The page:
As you have learned in the previous chapter, the careful and continuous application of science can lead to new ideas. When enough evidence is collected for these ideas through rigorous observation, experimentation, testing, and debate, that idea becomes a theory.
There have been many theories that have completely redefined how we view ourselves, our planet, and our universe. There is Charles Darwin’s Theory of Evolution, or the Big Bang Theory, which states the Universe formed an astonishing 13.8 billion years ago, and Einstein’s Theory of General Relativity. You don’t have to understand every detail of these theories to know that they have changed our world and society.
The groundbreaking theory that revolutionized geosciences was the understanding that our continents were once in a far different place than they are on today’s world map. This realization came with a lot of controversy and debate until we arrived at a theory that could neatly explain many geological processes, including why volcanoes and earthquakes happen where they do–we call this the theory of Plate Tectonics.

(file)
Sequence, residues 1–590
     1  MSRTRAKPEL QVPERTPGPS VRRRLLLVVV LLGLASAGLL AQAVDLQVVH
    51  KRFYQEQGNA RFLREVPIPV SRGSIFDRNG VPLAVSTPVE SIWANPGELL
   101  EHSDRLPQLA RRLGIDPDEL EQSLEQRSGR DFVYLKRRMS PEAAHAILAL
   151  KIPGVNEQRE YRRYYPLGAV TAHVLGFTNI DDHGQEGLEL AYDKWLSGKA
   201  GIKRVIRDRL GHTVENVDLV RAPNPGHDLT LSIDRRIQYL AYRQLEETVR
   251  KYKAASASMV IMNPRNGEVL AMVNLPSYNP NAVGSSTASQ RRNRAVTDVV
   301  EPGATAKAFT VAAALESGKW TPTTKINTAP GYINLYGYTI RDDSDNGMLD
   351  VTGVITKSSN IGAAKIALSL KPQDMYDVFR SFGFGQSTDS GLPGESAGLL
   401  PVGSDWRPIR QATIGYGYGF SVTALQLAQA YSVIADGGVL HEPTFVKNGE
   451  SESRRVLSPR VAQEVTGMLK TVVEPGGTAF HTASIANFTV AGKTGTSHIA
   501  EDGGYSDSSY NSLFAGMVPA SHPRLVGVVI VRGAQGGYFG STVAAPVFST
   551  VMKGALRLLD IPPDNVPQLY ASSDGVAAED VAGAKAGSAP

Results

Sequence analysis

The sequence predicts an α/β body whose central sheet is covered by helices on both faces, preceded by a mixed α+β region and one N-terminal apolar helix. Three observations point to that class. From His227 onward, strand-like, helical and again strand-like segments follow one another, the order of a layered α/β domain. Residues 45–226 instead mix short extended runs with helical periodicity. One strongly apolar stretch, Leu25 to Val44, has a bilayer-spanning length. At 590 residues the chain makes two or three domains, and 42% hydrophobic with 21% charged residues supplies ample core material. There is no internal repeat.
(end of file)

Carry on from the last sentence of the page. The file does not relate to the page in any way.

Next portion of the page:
After reading this chapter, you should be able to…
- Describe the physical and chemical properties of the layers in Earth’s interior.
- Explain the current theory of plate tectonics and provide supporting scientific evidence for this concept.
- Describe the plate boundary types and how each shape distinct landforms.
- Identify real-world examples of plate boundaries.
- Explain how plate boundaries connect to the distribution of geologic hazards.
An accepted scientific idea that explains a process using the best available information.
The theory that the outer layer of the Earth (the lithosphere) is broken in several plates, and these plates move relative to one another, causing the major topographic features of Earth (e.g. mountains, oceans) and most earthquakes and volcanoes.